Ashland vocalist Laurelia Derocher writes and stars in "Spotlight on Linda Ronstadt," an up-close-and-personal look at the professional career of an American recording artist and performer. More than 20 of Ronstadt's songs, such as "Blue Bayou," "That'll Be the Day," "You're No Good," "Desperado" and "Skylark," will be showcased.
The musical spotlight is set to preview Thursday, Sept. 13, and open Friday, Sept. 14, at Camelot Theatre, 101 Talent Ave., Talent. Curtain is at 8 p.m. Thursdays, Fridays and Saturdays, and 2 p.m. Sundays through Sunday, Sept. 23.
What: "Spotlight on Linda Ronstadt"
When: Previews Thursday, Sept. 13, opens Friday, Sept. 14 and runs through Sunday, Sept. 23
Where: Camelot Theatre, 101 Talent Ave., Talent
Tickets: $22; $18 for preview tickets
Call: 541-535-5250 or see www.camelottheatre.org
"I went to Livia (Genise, Camelot's artistic director) a year ago with the idea," Derocher says. "I thought it would make an interesting piece because Ronstadt was such a trailblazer."
With roots in the Los Angeles country and folk-rock scenes, Ronstadt became a popular interpretive singer during the '70s, recording a string of hit singles and platinum-selling albums. Her self-titled third album, released in '71, was pivotal in her career. The album featured a group of session musicians who would later form The Eagles, and it included songs by Jackson Browne, Neil Young and Eric Anderson. "Don't Cry Now" was released in '73, yet it was "Heart Like a Wheel" in '74 that made her a star. It featured hit singles, reached No. 1 on the album charts and sold more than 2 million copies.
"The music industry named 'Southern California rock' after the songs by Ronstadt, The Eagles, Jackson Browne and others," Derocher says. "But her biggest feat was in 1980, when she stepped out of her rock 'n' roll persona and played Mabel in a Broadway production of 'The Pirates of Penzance,' directed by Joseph Papp," Derocher says.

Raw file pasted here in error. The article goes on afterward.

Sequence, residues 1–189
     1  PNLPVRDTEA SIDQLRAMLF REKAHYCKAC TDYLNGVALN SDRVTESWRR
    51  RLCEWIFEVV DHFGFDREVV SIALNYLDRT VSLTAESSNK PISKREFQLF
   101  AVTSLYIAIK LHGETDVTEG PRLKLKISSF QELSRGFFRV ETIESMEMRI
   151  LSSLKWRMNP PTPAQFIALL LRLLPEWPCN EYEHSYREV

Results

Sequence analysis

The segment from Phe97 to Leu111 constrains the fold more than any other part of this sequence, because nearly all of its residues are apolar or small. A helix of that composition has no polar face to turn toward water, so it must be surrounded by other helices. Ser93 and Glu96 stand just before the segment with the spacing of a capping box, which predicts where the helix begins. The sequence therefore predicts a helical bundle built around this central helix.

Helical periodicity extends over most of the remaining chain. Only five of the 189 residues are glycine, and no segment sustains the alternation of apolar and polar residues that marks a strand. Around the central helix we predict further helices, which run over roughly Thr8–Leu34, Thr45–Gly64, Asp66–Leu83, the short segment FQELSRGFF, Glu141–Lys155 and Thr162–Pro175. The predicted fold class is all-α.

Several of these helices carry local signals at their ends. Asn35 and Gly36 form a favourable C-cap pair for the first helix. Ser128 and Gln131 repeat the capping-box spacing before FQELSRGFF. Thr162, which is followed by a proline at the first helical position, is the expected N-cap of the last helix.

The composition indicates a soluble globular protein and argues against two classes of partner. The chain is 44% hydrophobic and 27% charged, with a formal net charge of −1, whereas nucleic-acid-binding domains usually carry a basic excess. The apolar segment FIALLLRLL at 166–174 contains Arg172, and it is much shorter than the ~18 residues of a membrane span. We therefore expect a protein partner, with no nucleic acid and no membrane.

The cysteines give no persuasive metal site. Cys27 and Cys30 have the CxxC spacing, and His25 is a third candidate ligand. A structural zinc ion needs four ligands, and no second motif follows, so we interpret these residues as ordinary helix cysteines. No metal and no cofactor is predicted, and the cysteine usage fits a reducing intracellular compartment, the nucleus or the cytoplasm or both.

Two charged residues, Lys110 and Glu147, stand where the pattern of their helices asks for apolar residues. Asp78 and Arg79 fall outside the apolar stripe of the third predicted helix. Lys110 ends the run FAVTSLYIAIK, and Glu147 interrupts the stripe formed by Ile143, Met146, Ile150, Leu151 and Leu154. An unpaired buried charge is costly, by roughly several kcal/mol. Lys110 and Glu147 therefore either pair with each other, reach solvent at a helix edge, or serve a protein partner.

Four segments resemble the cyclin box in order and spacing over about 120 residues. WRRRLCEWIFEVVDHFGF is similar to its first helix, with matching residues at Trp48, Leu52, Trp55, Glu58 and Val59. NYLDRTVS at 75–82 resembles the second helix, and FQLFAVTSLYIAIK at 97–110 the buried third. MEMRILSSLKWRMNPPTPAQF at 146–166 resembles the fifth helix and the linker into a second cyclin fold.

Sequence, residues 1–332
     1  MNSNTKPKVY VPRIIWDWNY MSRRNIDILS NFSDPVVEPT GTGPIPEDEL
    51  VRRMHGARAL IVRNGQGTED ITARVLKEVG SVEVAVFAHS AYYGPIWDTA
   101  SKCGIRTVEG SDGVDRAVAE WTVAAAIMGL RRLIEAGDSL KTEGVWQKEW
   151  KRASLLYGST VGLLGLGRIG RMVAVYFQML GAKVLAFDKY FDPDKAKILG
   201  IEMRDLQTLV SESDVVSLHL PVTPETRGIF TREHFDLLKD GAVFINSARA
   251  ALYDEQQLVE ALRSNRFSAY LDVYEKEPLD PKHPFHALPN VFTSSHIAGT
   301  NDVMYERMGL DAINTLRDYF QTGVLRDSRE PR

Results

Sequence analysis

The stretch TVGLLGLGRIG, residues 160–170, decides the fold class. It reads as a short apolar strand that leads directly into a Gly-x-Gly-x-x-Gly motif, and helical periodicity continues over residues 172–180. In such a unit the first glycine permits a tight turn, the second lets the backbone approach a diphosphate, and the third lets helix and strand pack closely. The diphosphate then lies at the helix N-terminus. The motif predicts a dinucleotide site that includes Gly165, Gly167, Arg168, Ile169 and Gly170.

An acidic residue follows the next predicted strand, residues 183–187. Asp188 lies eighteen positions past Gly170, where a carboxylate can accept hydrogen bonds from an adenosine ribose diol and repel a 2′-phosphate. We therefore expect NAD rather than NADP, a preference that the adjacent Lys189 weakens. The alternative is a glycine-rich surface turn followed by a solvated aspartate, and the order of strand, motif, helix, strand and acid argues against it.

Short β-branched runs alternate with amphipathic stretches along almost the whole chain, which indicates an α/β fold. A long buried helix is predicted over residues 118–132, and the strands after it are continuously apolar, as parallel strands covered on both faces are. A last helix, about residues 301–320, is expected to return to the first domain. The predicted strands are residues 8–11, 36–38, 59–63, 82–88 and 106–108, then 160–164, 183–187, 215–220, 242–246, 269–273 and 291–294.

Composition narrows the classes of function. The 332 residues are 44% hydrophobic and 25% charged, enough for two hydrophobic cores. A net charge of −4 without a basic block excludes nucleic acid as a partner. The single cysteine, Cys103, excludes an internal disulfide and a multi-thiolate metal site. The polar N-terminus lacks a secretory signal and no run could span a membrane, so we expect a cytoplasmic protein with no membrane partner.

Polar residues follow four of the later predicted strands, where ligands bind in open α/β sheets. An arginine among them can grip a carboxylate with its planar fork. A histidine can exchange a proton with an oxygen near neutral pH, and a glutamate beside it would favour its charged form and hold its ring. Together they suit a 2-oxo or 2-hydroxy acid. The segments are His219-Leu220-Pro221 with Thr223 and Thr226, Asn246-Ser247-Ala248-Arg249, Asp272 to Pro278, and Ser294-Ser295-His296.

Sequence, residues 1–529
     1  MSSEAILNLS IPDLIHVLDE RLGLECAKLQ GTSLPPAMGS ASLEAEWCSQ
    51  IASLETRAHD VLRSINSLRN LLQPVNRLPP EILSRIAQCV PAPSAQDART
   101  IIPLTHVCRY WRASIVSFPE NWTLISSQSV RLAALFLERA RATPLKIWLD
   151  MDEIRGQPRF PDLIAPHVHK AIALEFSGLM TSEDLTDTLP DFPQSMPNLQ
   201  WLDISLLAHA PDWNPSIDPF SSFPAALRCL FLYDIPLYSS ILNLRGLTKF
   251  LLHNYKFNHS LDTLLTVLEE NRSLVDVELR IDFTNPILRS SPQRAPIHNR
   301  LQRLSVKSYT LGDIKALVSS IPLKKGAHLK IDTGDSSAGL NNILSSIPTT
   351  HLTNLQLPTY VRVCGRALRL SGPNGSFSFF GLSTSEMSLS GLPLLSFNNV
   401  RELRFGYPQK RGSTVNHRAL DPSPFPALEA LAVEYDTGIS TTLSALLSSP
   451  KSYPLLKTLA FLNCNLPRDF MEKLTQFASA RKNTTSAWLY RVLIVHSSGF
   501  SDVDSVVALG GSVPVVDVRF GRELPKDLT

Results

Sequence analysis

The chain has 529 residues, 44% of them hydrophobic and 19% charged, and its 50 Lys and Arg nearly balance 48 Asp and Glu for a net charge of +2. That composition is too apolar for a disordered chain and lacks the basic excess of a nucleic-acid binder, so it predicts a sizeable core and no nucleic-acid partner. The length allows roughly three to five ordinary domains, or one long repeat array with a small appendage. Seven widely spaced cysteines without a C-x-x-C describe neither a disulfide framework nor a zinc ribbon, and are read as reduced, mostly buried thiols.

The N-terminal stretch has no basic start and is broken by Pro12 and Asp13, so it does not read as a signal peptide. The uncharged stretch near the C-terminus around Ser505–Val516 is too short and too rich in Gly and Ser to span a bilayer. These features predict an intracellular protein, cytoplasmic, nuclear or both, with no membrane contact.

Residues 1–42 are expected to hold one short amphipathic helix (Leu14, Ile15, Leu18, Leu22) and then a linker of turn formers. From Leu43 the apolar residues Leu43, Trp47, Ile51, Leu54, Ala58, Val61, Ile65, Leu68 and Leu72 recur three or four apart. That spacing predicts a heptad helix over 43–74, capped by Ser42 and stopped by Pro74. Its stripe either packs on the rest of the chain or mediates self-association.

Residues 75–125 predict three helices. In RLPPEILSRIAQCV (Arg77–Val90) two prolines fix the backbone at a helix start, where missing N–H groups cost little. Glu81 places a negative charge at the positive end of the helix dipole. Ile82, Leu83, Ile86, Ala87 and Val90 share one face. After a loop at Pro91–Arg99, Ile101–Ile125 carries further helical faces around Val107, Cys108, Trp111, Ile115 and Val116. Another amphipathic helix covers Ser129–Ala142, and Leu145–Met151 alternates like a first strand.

Next, Ronstadt collaborated with composer and bandleader Nelson Riddle, who arranged and conducted her 1983 collection of pop standards, titled "What's New."
"She did three albums with Riddle and a full orchestra," Derocher says. "People in the industry thought she was committing artistic suicide, but the first album sold more than 2 million copies."
"Lush Life" and "For Sentimental Reasons" followed.
"I enjoy the Nelson Riddle music the most," Derocher says. "It's the music I like to sing, and a big chunk of the show is about that era.
"It's the most challenging show I've done because it requires my full vocal range. First, I'm belting out her early rock, which can really rough up the vocal chords, then I'm singing a high B-flat during 'The Pirates of Penzance' numbers."
Derocher will be joined by David Gabriel for a duet, "Don't Know Much," recorded by Ronstadt and Aaron Neville. Gabriel also will narrate the Camelot show. Presila Quinby directs, and music arrangements are by Dal Carver and Andy Stallman. The musicians include pianist Kathy Campbell, bassist Steve Fain, guitarist Brent Norton, percussionist Steve Sutfin and Peter Spring on guitar, saxophone and flute.
Ronstadt returned to contemporary pop and country roots in the late '80s, recording "Somewhere Out There," "Trio" with Dolly Parton and Emmylou Harris and "Canciones de Mi Padre," a collection of traditional Mexican songs that became a hit.
"The show follows Ronstadt's career from the mid-'60s when she leaves home to the late '80s," Derocher says.
Mostly, Derocher says, she wrote the script to highlight how Ronstadt set a precedent for other women in the music industry.
"She was named the best singer of the '70s by such magazines as Cash Box, Playboy, Rolling Stone and Billboard," Derocher says. "She earned more money in the '70s than other female singers, and she was the first woman to perform an arena concert. She was fearless about trying new things."
Tickets for Camelot Theatre's "Spotlight on Linda Ronstadt" cost $22, $18 for the Thursday, Sept. 13, preview. Call 541-535-5250 or see www.camelottheatre.org.